by Patti Dahlberg and Julie Pelegrin
Section 19 of article V of the state constitution specifies that an act takes effect “on the date stated in the act, or, if no date is stated in the act, then on its passage.” This seems simple enough. But there are other considerations and constitutional provisions that can affect when a bill eventually becomes law. To determine the date that a bill becomes law, you will need to read the last few sections of the bill to find the appropriate “clause.”
Effective date clauses:
It is common practice for a bill to state that it takes effect on a specific date, which may be several weeks or months after adjournment of the legislative session. This interval of time between the date that the bill is signed into law and the specified effective date allows state agencies, local governments, courts, and citizens to learn of the new law and make any required adjustments to comply with the new law. A typical effective date clause looks like this:
SECTION 20. Effective date. This act takes effect July 1, 2015.
An applicability clause specifies that the new law will apply to certain events or transactions that occur on or after the effective date. An applicability clause can be used with either an effective date clause or a safety clause (see below). Applicability clauses are frequently used in criminal laws and other acts concerning contracts, contractual relationships, or court proceedings. The following are some common applicability sections:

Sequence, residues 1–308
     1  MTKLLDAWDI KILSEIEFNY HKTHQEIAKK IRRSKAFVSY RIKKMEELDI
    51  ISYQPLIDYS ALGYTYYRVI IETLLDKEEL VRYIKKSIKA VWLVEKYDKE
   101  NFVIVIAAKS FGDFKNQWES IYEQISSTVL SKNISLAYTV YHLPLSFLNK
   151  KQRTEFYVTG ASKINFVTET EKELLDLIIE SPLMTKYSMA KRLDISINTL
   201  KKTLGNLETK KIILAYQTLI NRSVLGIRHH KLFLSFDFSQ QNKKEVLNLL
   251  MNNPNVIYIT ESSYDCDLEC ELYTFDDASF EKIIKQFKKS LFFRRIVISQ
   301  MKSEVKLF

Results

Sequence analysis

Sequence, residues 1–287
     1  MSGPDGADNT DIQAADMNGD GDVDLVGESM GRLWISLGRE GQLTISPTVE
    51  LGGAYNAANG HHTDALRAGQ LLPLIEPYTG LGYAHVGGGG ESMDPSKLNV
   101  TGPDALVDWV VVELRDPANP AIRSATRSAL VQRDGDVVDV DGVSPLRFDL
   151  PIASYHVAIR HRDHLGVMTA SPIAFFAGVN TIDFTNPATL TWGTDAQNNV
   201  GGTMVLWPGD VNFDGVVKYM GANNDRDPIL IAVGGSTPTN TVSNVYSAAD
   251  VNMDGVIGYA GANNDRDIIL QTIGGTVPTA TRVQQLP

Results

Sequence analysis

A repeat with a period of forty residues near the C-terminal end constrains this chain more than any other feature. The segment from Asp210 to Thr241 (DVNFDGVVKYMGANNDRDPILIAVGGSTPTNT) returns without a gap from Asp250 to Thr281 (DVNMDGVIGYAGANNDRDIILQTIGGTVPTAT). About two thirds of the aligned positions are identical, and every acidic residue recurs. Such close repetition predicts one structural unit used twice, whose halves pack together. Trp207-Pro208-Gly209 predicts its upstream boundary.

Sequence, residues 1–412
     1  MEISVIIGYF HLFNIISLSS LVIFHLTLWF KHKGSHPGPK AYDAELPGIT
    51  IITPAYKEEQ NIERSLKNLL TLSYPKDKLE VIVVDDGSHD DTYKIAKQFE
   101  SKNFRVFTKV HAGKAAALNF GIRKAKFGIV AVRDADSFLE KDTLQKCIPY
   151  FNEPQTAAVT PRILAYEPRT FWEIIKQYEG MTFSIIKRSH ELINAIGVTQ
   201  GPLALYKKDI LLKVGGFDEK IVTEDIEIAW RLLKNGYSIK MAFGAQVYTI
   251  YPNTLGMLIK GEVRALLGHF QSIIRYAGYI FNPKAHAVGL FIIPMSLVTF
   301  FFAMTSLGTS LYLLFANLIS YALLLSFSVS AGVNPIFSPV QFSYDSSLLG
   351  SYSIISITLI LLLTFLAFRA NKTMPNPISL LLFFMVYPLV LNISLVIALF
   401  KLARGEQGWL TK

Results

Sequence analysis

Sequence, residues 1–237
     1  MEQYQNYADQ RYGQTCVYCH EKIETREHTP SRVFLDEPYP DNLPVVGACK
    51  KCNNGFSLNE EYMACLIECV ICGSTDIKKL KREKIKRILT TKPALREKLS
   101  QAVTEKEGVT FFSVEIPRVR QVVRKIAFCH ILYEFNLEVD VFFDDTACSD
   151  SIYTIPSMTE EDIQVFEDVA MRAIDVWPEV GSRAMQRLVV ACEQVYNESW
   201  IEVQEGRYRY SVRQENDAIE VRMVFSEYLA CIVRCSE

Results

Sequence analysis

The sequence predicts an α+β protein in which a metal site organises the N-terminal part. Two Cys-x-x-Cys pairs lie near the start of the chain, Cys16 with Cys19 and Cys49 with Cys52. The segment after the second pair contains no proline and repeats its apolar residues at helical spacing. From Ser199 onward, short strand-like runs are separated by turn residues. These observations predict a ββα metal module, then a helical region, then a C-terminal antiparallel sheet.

SECTION 81. Effective date – applicability. This act takes effect November 1, 2015, and applies to offenses committed on or after said date.
SECTION 25. Applicability. This act takes effect upon passage and applies to fiscal years beginning on or after July 1, 2015. (Note: This applicability clause must be accompanied by a safety clause.)
Safety clauses and 90-day Petition Clauses:
Section 19 of article V of the state constitution says that a bill takes effect upon passage if it doesn’t specify an effective date. But section 1 of article V of the state constitution says that the people reserve to themselves the power to approve or reject at the polls all or any portion of an act passed by the General Assembly – generally referred to as the “referendum power.” To refer an act to the ballot, a citizen must submit a petition to the Secretary of State within 90 days after the General Assembly adjourns the legislative session.
Section 1 of article V also says that the people cannot refer an act to the ballot if the act is “necessary for the immediate preservation of the public peace, health, or safety….” To clearly identify an act that is not subject to the referendum power, the General Assembly will include in the act a safety clause:
SECTION 17. Safety clause. The general assembly hereby finds, determines, and declares that this act is necessary for the immediate preservation of the public peace, health, and safety.
If an act includes a safety clause, section 11 of article IV of the state constitution determines the date of passage. This section requires that every bill be presented to the Governor for approval or veto. A bill becomes law when signed by the Governor, when the Governor fails to act on the bill within the time allowed, or, in the case of a vetoed bill, when the General Assembly overrides the Governor’s veto.